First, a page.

04/18/2019 06:16:38 pm
Qi Gong: The Art of Effortless Flow
By: Lee Holden, L.Ac. for Acufinder Magazine
Qi Gong is known as “the method for preventing disease and prolonging life.” The best offense is a good defense, and the best defense is a strong and well-balanced energy system. Based on the principles of nature, Qi Gong is simple and practical. The practitioner learns how to harness his/her own internal energy and feel a sense of connection with nature and the universe.
Qi (also spelled Chi) means “energy” or “life-force,” and by extension also denotes “vitality,” “life-breath” and “air.” Kung (also spelled Gong) is a general term meaning “work” and is used to describe skill that requires time, effort, patience, and practice to perfect. So the term “Chi gung” may be translated as “energy work” or “breathing exercise.” By putting these two words together, Qi Gong implies “an expertise at working with life force energy.” Working with the breath while holding postures or synchronizing the breath with flowing movements is the key to cultivating energy in the body, mind, and spirit.
In today’s highly competitive, stressful world, Qi Gong’s versatile utility as a personal tool — for promoting productivity, preventing disease, balancing emotions, and calming the mind — has greater potential for the individual than it ever has before.
Qi Gong Flows
Qi Gong is called the “art of effortless power.” It mirrors the movement of nature. Try these flowing stretches and movements to increase your vitality, boost the lung energy and immune system, and bring your body to a place of inner balance.
Spinal Flow: Open the Du and Ren Meridians
The Spinal Flow is a great exercise to clear stress and tension out of the back. It also activates the central nervous system. To clear the physical and mental tension of the day, the spinal cord is the portal. How do you unwind the mental tension out of your mind? By distributing it through the nervous system and out through the body.
Spinal Cord Breathing. Begin by bringing your hands up in front of your shoulders. Arch your back and look up.
Next, round your back and tuck your tailbone under. To do this, you can squeeze your buttocks as the tailbone comes under. (A)
Inhale, open the chest, and look up. (B)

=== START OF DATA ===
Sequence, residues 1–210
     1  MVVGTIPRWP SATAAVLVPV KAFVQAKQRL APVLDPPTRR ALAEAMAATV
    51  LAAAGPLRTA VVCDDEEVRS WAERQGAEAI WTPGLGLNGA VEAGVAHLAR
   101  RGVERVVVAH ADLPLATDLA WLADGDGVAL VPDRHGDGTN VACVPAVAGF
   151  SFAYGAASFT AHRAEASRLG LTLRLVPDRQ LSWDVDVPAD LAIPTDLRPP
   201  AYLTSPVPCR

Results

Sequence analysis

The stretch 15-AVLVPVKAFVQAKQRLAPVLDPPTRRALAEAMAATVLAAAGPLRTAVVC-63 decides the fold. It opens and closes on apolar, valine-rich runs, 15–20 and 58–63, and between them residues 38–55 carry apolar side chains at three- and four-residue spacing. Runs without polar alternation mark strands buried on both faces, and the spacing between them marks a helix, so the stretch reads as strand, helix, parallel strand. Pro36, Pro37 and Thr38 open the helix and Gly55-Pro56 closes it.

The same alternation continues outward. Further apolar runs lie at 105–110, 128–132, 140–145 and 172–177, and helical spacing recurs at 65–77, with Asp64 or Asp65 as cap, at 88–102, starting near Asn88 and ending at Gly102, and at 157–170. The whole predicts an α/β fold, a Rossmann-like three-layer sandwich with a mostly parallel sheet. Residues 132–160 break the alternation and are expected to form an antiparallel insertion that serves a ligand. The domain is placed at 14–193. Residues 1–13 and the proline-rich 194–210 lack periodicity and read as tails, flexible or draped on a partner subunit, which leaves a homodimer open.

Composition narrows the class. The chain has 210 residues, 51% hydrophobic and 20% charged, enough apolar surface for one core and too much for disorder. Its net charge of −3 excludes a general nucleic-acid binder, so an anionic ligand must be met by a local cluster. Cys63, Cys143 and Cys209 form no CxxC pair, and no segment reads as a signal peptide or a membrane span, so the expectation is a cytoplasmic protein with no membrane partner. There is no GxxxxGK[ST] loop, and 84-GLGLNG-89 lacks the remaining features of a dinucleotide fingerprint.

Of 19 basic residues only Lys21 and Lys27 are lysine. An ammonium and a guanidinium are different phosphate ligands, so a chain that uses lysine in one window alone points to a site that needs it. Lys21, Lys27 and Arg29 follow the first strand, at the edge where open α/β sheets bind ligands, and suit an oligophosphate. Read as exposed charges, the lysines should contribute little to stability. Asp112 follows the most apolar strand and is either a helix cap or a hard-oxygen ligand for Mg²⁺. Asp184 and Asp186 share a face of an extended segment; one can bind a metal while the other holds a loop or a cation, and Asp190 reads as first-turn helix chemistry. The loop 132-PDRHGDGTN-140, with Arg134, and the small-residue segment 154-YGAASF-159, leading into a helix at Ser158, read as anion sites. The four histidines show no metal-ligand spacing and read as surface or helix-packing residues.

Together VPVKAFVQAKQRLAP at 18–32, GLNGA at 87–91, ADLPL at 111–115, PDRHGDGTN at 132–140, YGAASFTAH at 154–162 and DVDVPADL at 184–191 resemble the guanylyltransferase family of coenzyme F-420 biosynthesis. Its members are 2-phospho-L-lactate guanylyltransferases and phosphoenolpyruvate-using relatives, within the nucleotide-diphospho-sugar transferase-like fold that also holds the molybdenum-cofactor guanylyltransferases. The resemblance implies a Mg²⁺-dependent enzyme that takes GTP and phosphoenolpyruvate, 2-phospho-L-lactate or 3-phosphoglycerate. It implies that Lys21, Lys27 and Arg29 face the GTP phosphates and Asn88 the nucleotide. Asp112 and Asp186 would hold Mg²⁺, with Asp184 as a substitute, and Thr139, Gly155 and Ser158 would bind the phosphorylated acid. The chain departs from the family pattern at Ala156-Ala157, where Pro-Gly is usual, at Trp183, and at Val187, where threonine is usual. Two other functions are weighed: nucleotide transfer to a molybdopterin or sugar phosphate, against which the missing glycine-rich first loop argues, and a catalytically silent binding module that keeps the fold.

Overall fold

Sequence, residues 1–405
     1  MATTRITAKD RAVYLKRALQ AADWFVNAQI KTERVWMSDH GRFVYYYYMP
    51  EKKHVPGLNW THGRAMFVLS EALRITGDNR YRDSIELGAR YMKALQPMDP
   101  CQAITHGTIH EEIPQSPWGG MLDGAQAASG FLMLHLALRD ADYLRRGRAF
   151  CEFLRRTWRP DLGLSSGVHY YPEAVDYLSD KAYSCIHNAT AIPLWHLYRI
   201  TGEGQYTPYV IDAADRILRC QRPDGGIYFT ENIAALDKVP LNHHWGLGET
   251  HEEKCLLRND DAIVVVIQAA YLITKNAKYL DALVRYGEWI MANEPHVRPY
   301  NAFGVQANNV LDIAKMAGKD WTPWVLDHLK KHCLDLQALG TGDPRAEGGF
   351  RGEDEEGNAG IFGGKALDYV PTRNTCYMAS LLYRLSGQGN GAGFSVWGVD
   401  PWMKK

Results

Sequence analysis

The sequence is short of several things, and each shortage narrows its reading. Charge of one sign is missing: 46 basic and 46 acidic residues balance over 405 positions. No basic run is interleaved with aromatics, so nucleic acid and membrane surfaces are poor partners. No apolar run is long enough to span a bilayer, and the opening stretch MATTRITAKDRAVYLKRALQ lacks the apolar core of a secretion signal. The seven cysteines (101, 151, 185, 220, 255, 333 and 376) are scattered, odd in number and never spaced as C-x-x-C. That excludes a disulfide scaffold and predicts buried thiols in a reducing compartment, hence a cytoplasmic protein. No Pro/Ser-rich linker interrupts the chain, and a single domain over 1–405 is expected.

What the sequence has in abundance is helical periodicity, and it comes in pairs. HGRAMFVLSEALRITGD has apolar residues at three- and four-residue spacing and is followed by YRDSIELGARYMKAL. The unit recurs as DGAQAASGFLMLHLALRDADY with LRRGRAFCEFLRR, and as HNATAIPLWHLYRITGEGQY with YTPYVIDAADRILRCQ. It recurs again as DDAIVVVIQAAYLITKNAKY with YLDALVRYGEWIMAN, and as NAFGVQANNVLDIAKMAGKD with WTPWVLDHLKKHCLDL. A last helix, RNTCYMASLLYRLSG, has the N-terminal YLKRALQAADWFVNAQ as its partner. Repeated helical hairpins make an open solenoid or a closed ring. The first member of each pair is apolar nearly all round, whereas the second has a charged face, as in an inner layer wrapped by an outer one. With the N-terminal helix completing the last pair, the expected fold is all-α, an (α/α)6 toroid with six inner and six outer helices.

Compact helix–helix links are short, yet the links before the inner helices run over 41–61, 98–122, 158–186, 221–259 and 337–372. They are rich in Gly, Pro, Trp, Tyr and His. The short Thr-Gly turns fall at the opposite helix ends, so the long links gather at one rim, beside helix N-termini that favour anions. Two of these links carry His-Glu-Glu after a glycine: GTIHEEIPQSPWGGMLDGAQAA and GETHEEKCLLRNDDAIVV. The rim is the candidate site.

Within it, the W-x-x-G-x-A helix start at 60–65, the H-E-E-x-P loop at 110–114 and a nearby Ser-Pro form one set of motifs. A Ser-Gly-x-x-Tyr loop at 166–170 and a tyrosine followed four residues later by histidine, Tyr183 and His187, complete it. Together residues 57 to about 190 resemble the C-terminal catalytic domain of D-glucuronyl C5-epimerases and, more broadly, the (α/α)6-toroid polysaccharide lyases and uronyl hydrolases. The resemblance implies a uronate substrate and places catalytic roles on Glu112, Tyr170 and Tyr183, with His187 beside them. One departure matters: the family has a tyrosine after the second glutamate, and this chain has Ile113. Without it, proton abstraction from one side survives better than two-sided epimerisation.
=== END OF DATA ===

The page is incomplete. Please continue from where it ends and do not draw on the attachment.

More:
Exhale, round the back and tuck the tailbone under again.
Go back and forth, feeling all the joints in the spine moving and tension releasing through the central nervous system.
Holding Up the Sky: To Tonify the Lungs
This flow will strengthen the lungs and increase the power of your breath. It will train your body to breathe more deeply throughout the day. By taking more oxygen into the body with each breath, you will increase the body’s vitality and energy.
The quality and depth of our breath is fundamental to the health of our body. Breath is also the key to clearing stress and balancing negative emotions. Our breathing always reflects how we feel. Think of someone who is sad or crying, the breath comes in spasms and gasps. When we are under stress, the breath becomes shallow and locked in the chest. When we are feeling good, the breath becomes deeper, calmer, and slower. In all meditation traditions, the breath is used to calm the mind. Think of this next flow as a moving meditation, bringing precious energy to the body, clearing stress, and calming the mind.
Holding Up the Sky. Standing with your feet shoulder width, bring your arms in front of your abdomen with your palms face up
Inhale and slowly bring your arms up, palms face the chest (C), and then rise up over the head turning the palms to face the sky (D)
Exhale and allow the arms to come back down — again, the palms face the chest (E)—and rotate back to starting position.
Repeat. Inhale and float the arms up over the head. Pause at the top of the inhale.
When the breath is still the mind will be still.
Exhale, gently float the arms down and pause at the bottom of the exhale.
At those moments when the breath is paused and silent, let your mind be silent and clear as well.
Take seven long deep breaths, floating the arms up on the inhale, and floating the arms down on the exhale.
About Lee Holden:
A licensed acupuncturist, herbalist, and master Qi Gong instructor, Lee Holden incorporates the principles of Chinese medicine in the treatment of his patients at the Pacific Healing Arts clinic in Santa Cruz, Calif. Lee has traveled throughout Asia (Thailand, Indonesia, Japan, China) studying Qi Gong, meditation, and Chinese medicine and has worked with Mantak Chia, the world’s foremost expert on Qi Gong, and with self-improvement leader Deepak Chopra in facilitating seminars, teaching, and writing books. Visit his website at www.pacifichealingarts.com.
Printed from Acufinder.com
04/18/2019 06:16:38 pm